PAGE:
Ackerman and the Sparkling Wine from Saumur: a local winemaking innovation and his consequences on the industrial development of a rural territory around the middle of the 19thcentury

Abstract :

At the exposition of Angers Industrial Society of 1838, a wine merchant born in Brussels but living the West France, Jean Baptiste Ackerman, submit to general prize his wine “de mousse” from Saumur. After all the exams from the oenological committee, he wins a gold medal for his 1836 cuvee. The innovation is identified as well as “champagne wine”.Jean Baptiste Ackerman created new product, the sparkling wine from Saumur, by the development of an innovating winemaking process, called “traditional method from Saumur”, at the crossroads of basics winemakers knowledge and industrial production and techniques. In addition of a Family Business History spending from 1838 when the industrial production is launched to the death of his son and heir in 1914, the industrial production of sparkling wine by Ackerman (Brut, Dry or Dry Royal) give a new wine identity to a rural territory living on the agricultural fret products on the Loire and the military cavalry basements.

The agricultural as well as industrial Saumur sectors find in these new winemaking process new economic and commercial opportunities. Anjou and Saumur wines, historically appreciated in England and Holland markets, can pretends to touch a larger and richer market than they used to. Fast, other entrepreneurs employed the industrial winemaking Ackerman’s process and are settled in the caves troglodytes near to Ackerman’s own factory. A local industrial sector is building to produce sparkling wine from Saumur under many competing brands: Bouvet-Ladubay, Veuve Amiot, Langlois & Château are some associated family’s names and brands created in the 19th century. The Ackerman’s innovation changed deeply the economic, social and commercial identities of a rural city but also natural landscapes turned to the wine production to “champagne” winemaking.

The issue that Ackerman’s sparkling wine story raises is the impact of the circulation of winemaking process and skills on the development of a rural territory and the benefits of the Ackerman winemaking innovation on Saumur terroir. Based on the Ackerman’s archives (140 linear meters) and archives about economics, industrials, trade and wine productions at local and regional scales, this communication will propose to explain in a first part the influence of the merchant identity and mobility of Ackerman through some wine-making regions explain the origins of his product and process innovations in Saumur between 1815 and 1865. In a second part, we will examine the role of the Saumur terroir and the role of the local merchants and the economic notability in the Ackerman innovation enterprise on the same period. Finally, we will analyse some benefits or inconveniences to Saumur of Ackerman’s innovations and the consequences of the sparkling wine production in the landscape and terroir of Saumur from 1838 to 1914.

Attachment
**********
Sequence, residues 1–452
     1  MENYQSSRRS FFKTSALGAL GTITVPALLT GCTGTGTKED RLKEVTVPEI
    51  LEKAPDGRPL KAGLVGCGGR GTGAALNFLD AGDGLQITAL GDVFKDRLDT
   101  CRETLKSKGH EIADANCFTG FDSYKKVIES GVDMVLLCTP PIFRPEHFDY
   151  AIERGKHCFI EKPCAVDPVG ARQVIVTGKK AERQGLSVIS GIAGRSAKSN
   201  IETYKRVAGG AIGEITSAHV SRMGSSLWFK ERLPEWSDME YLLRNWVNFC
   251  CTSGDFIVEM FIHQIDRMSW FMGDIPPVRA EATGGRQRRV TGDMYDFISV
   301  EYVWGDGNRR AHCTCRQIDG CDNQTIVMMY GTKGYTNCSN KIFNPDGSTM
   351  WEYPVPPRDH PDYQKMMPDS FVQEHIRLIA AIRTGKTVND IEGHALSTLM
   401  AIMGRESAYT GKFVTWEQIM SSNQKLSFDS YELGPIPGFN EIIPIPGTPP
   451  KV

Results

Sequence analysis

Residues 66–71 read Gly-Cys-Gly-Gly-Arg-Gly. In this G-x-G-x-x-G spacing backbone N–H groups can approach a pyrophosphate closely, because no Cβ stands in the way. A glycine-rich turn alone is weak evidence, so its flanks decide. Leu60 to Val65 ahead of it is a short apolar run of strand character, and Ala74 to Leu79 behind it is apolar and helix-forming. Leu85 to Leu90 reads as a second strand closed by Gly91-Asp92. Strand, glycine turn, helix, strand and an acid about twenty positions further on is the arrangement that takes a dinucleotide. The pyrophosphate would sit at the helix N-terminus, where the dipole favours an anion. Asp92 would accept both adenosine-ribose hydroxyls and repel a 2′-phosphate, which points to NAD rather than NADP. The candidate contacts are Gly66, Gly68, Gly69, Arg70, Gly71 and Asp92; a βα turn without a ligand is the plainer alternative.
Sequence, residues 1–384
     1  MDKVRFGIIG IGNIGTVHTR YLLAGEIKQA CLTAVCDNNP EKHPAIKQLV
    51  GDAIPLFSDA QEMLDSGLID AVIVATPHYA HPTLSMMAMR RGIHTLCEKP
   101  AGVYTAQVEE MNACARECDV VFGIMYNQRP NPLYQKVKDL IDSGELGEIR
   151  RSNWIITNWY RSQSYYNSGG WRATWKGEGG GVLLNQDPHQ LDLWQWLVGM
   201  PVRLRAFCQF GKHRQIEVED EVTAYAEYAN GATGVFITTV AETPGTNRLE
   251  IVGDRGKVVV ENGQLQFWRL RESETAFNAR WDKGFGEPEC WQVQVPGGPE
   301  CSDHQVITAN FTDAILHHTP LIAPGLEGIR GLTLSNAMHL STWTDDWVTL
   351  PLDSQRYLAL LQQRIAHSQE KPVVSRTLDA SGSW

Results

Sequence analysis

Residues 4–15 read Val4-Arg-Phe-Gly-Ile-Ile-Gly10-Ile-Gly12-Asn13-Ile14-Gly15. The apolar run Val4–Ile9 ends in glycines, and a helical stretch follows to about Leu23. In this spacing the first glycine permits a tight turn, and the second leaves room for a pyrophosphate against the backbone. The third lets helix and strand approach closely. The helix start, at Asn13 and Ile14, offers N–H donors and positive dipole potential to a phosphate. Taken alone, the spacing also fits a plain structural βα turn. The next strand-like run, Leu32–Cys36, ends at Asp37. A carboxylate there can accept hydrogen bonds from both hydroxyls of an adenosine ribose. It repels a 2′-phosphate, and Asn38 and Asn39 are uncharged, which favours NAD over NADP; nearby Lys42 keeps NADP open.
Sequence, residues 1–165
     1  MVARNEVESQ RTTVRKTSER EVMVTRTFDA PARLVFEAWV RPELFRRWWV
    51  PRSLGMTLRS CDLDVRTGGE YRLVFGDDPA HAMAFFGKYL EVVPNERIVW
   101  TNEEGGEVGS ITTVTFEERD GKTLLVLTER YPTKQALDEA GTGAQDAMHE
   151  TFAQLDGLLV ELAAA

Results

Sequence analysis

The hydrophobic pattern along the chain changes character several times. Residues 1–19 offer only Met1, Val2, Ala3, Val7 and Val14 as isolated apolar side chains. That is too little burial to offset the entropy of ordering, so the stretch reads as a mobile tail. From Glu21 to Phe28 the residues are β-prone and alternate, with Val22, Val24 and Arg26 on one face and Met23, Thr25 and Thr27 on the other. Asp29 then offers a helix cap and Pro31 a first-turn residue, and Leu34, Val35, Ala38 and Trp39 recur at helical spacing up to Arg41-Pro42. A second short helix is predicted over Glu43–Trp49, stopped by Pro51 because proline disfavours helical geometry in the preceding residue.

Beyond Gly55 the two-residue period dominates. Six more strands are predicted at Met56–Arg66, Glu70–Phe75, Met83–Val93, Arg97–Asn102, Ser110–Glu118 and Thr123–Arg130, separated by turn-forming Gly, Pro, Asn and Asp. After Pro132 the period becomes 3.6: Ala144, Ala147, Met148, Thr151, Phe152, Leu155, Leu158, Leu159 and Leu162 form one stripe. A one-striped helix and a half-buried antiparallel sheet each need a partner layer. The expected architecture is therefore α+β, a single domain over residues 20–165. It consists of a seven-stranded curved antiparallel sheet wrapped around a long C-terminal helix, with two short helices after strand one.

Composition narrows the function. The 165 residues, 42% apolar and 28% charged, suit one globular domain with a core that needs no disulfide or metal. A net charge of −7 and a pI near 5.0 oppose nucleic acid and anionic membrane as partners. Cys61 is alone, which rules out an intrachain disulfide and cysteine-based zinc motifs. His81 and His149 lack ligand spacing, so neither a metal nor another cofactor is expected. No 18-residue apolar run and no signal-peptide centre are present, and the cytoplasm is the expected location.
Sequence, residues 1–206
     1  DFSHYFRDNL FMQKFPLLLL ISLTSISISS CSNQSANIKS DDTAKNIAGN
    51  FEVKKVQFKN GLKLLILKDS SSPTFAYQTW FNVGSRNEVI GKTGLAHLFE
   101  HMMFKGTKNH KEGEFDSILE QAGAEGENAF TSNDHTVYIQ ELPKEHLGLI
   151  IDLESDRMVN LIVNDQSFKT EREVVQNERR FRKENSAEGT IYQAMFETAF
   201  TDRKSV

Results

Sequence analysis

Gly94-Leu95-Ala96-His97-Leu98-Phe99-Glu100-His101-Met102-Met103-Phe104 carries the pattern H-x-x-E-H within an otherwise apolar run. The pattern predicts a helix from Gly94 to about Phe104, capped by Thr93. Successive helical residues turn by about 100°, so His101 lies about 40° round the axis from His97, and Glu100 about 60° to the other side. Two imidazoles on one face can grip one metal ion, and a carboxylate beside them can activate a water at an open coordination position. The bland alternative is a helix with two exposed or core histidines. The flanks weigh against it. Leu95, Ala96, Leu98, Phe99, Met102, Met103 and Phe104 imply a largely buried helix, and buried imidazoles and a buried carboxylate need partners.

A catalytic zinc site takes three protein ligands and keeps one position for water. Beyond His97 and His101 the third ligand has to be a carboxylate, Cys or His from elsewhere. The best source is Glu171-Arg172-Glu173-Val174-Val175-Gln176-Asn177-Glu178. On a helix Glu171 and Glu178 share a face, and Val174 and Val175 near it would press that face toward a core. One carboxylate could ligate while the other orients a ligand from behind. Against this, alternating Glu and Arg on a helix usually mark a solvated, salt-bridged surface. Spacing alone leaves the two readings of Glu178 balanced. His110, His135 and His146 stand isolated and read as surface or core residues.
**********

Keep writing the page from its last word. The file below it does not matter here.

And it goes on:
The Ackerman’s history under the family direction, Jean Baptiste then his son, from the first half 18th century to 1914 is actually the subject of a PhD thesis associate Maison Ackerman, the University of Angers and the ANRT (National Agency for Research and Technology).

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Submitted on : Wednesday, June 27, 2018 - 2:10:18 PM
Last modification on : Wednesday, December 19, 2018 - 2:14:01 PM


  • HAL Id : hal-01824612, version 1
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Valentin Taveau. Ackerman and the Sparkling Wine from Saumur: a local winemaking innovation and his consequences on the industrial development of a rural territory around the middle of the 19thcentury. European Rural History Congress, 2017, Leuven, Belgium. ⟨hal-01824612⟩



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